A Hop Over the Pond

A Hop Over the Pond

Weekend at the Chatsworth House and Oxford

Hello, once again! It is a very dreary and drizzly morning here in the UK. Today will most likely be spent indoors, writing, and catching up with friends and family. I am completely done with my class assignments! My four response papers are handed in and both my presentations are over. I'm so excited because last week was very stressful. I was battling a terrible cold, while writing papers and preparing for a group presentation. I now feel as if summer can begin, and I can actually enjoy my trips without worrying about assignments.

This weekend, my roommate and I went on our first independent excursion. We had originally thought about leaving the UK for Dublin, but when crunching numbers, the trip was going to be very expensive. Instead, we opted for a day at the Chatsworth House in Derbyshire and a day in the university town of Oxford. Our journey began early on Friday morning when our cab driver arrived at the Carriage House at 6:15 to take us to the Grantham train station. We traveled by train from Grantham to Nottingham, then took a connecting train from Nottingham to Matlock, a small town in Derbyshire. After trying to figure out the bus system in Matlock for nearly an hour, we found a bus from Matlock to the Chatsworth House. The mansion or "palace" as I call it is a 17th-century house nestled amongst rolling green hills and timber. It has been inhabited by the Dukes of Devonshire for over 300 years.

Perhaps its most famous resident was Georgiana Cavendish, the wife of the 5th Duke of Devonshire. A biographical drama was made recently called The Duchess, starring Keira Knightley, which tells the tale of Georgiana's love affair with Lord Grey, while she was married to the Duke. The Duke also had a string of affairs, often neglecting Georgiana, and fathered multiple illegitimate children. Wandering in and out of the gaudy, heavily-embellished rooms, I could see how this extravagance only encouraged feelings of distance and separation. From the dark woodwork to the painted ceilings, the rooms seemed very gloomy and lonely to me. However, the house was absolutely beautiful. Works of art from all over the world were on exhibit, and the Dukes had a whole room dedicated to Roman statues. This room in the house was used in the more recent film adaption of Jane Austen's Pride and Prejudice, when Elizabeth comes to visit Mr. Darcy at his house, Pemberley. Scenes were also shot around the house's exteriors. Though it was a cold, wet day, we were still able to enjoy the well-groomed gardens, which were truly magnificent. I would definitely return to the Chatsworth House.

After taking in the expansive gardens and taking countless pictures, my roommate and I were ready to head to Chesterfield, where our hotel was located. Finding our hotel was definitely the worst part of this entire trip. We caught a bus at the house which was supposed to take us to a stop, which would then connect us with a bus to Chesterfield. Instead, we accidentally missed our stop because it was not clearly marked. So, as a result, we ended up going to Sheffield, which is about 12 miles from Chesterfield. Once in Sheffield, we caught a bus to Chesterfield after waiting for nearly an hour. A thirty-minute bus ride to Chesterfield was then followed by wandering aimlessly through the town for an hour, trying to find our hotel. We were tremendously relieved to find the flashing neon "Chesterfield Hotel" sign.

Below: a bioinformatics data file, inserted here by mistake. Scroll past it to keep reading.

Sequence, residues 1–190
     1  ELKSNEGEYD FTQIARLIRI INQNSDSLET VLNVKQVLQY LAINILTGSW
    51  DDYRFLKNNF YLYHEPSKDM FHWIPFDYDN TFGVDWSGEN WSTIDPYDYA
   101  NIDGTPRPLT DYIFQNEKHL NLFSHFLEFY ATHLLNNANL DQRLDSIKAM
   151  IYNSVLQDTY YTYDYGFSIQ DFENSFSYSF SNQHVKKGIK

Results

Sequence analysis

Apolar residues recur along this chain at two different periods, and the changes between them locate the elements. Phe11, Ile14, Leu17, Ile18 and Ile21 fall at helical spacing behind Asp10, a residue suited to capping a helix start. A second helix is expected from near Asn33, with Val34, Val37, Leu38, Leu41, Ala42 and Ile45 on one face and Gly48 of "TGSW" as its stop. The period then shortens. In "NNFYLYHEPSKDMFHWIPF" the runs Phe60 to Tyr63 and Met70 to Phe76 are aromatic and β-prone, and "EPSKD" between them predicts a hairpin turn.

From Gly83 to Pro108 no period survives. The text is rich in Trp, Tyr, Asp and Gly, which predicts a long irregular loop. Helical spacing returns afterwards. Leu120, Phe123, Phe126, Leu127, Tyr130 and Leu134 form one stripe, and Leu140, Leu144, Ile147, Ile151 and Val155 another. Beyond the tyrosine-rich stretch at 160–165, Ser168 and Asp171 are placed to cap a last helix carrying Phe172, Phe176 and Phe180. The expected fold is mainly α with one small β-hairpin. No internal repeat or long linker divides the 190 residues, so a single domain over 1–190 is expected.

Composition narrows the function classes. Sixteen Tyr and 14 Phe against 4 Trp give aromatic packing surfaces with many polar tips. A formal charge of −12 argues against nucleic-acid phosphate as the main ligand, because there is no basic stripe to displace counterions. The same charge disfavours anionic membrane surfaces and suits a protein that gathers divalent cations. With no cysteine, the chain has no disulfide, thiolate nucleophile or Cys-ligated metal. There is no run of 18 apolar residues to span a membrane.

While our night at the Chesterfield Hotel was not pleasant due to chest congestion as well as a high school dance occurring down the street, we did manage to get up at 5:30 and catch our train to Oxford. Once arriving in Oxford, we were slightly disappointed to discover that Christ's College was closed due to final examinations and the Queen's Jubilee. This was going to be the highlight of our trip; however, we were still able to experience the college life of the town. Oxford students were dressed in their traditional gowns, headed to examinations. Through our wanderings, we discovered a Charles Dickens exhibit at one of the Bodleian libraries, which I truly enjoyed since I just completed research over Dickens. Oxford's all-male a capella group, Out of the Blue, happened to be performing on Cornmarket Street. They were actually on the show, Britain's Got Talent, in 2011 and will be touring California this summer. The group sang some familiar upbeat hits by groups and artists like Queen and Lady Gaga. Although we were not able to see all that we had planned, it was a very relaxing day filled with awesome surprises.

As I wrap up this post, I would like to conclude with some lessons I have learned while traveling independently:

1. When planning trips, always book your hotel before your train, so you don't have to pay an excessive amount for connecting transportation.

2. Don't live by the map. Wander off the beaten path. It's completely okay to not follow a set itinerary.

3. When riding a bus, tell your bus driver to let you know you've reached your desired stop, because not all bus drivers are helpful and friendly.

Though I only have two more weeks at Harlaxton, I still have a few more adventures ahead, including Stratford-upon-Avon, Edinburgh, and Paris, so stay tuned!


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